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Goaltide Daily Current Affairs 2022

Sep 01, 2022

Current Affair 1:
Non-Fungible Tokens (NFTs)

 

Non-Fungible Tokens (NFTs) have been around since 2014, but in 2021 they gained new hype.

NFT is a unique cryptographic token, which holds information about the digitised work recorded in the blockchain. It's a record stored on a digital ledger certifying digital assets as unique and providing a certificate of ownership.

Creating a new NFT is called minting; it entails the creation of code on a blockchain network with a unique token id to identify the digital asset, the wallet address of the creator, a link to the original digital content, and corresponding ownership details. Transaction history starting from minting to the latest ownership of NFT can be traced; and this information is technically public.

Non-fungible tokens do not generally carry digitised work in themselves due to large size of the underlying work; instead, they mostly have links to original work (photos, videos, audio, etc.). An NFT can be created for any work that can be digitized. They are listed and traded on NFT platform and are governed by "smart contracts"

Non-fungible tokens are unique, indivisible, and cannot be exchanged or replaced with another token, such as a unique custom-made design or unique painting, whereas fungible assets are interchangeable, uniform, and divisible because each unit is identical in value, such as a cryptocurrency or fiat currency.

Current Affair 2:
Current Status of Tigers in India

 

Current Affair 3:
How composting can reduce our impact on the planet?

 

Every year, across the world, 1.3 billion tonnes of food is either lost or wasted, says the United Nations Environmental Programme (UNEP) Food Waste Index. With world hunger on this rise due to the COVID-19 pandemic, the need to reduce food waste is becoming increasingly urgent.

Practice of composting is one of the best options for managing organic waste while also reducing environmental impacts.

We will see Composting in detail:

The role of compost, organic fertiliser derived from waste, has been overshadowed by the excessive use of pesticides and chemical fertilisers in agricultural practices. The lack of compost used in farm fields and the dependence on chemical fertilisers have had a number of negative impacts, such as deteriorating soil conditions, deficient or excess nutrients, insect outbreaks, and solidified soil, to name a few. However, organic waste generated in daily life can help recover soil fertility if it is used to produce compost.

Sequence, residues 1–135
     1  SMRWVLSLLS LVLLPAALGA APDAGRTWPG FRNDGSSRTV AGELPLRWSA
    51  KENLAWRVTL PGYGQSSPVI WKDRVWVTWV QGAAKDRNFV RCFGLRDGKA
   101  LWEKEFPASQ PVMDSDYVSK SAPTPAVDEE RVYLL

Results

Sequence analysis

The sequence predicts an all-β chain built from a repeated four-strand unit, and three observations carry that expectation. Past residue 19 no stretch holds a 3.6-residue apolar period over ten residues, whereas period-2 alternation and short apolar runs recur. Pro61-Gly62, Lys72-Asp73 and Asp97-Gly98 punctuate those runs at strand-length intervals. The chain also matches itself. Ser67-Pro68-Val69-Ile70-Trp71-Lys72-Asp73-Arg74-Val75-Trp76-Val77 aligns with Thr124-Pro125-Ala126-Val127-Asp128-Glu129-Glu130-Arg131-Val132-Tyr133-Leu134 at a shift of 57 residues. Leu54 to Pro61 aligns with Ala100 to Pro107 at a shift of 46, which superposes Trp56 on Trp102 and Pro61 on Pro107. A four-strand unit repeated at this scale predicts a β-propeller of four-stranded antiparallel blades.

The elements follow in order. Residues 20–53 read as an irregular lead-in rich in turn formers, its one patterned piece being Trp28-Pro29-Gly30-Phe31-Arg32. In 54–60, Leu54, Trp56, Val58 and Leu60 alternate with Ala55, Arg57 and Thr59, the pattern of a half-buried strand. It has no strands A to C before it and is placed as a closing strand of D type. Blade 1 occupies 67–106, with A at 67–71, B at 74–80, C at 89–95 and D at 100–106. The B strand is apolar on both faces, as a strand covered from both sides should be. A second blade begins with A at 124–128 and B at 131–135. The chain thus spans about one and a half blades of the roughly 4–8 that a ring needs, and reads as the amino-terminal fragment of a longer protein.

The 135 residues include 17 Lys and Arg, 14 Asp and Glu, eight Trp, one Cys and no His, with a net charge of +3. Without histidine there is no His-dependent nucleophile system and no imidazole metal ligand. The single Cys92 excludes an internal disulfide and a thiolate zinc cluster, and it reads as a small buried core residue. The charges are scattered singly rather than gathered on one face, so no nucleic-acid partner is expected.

Composting, a biodegradation process that transforms organic matter into water, carbon dioxide, energy, and composted matter has been adopted throughout the world over the years as a technology that can stabilise organic residues.

Composting aims to:

  1. treat organic waste such as food waste, garden waste, livestock excreta, and other types of waste in aerobic or anaerobic states and deactivate causative bacteria, viruses, and weed seeds through the heat of microbial fermentation, and
  2. produce organic fertilisers that physically improve soil conditions and act as a partial substitute for nutrients such as nitrogen, phosphorus, and potassium contained in chemical fertilisers, upon which modern agriculture fully depends

Current Affair 4:
Rajya Sabha Elections

 

Each state has a fixed number of RS seats and 1/3rd of them come up for election every 2 years.

Article 80 of the constitution stipulates the maximum size of the house. The number of elected RS members from the States & UTs cannot be more than 238. Apart from the elected members, 12 members can be nominated by the President of India. Currently there are 233 elected members and 12 nominated members.

The system of election of members to the Rajya Sabha is by proportional representation by means of the single transferable vote (STV). The STV system is similar to the one followed in the election to the President of India and members of the legislative council in states. The vote is transferred from one candidate to another in any of the two situations mentioned below.

  • When a candidate obtains more than what is required for his success and therefore has an unnecessary surplus
  • When a candidate polls so few votes that he has absolutely no chance and therefore the votes nominating him are liable to be wasted

The Quota

The minimum number of valid votes required for a candidate to be declared elected is called the quota. The quota calculation depends on the number of seats to be filled.

Scenario 1:

At an election where only one seat is to be filled, every ballot paper is deemed to be of the value of one and the quota is calculated by adding the values credited to all the candidates and dividing the total by two and adding one to the quotient, ignoring the remainder, if any, and the resulting number is the quota. It has to be:

Scenario 2:

At an election where more than one seat is to be filled, every ballot paper is deemed to be of the value of 100 and the quota is determined by adding the values credited to all the candidates and dividing the total by a number which exceeds by one the number of vacancies to be filled and adding one to the quotient ignoring the remainder, if any, and the resulting number is the quota.

For instance, if 3 candidates are to be elected and the total number of voters who participated in the poll is 176, the quota is

If none of the candidates get the required quota of first preference votes, then a process of vote transfer takes place, successively eliminating those who get the least number of first preferential votes.

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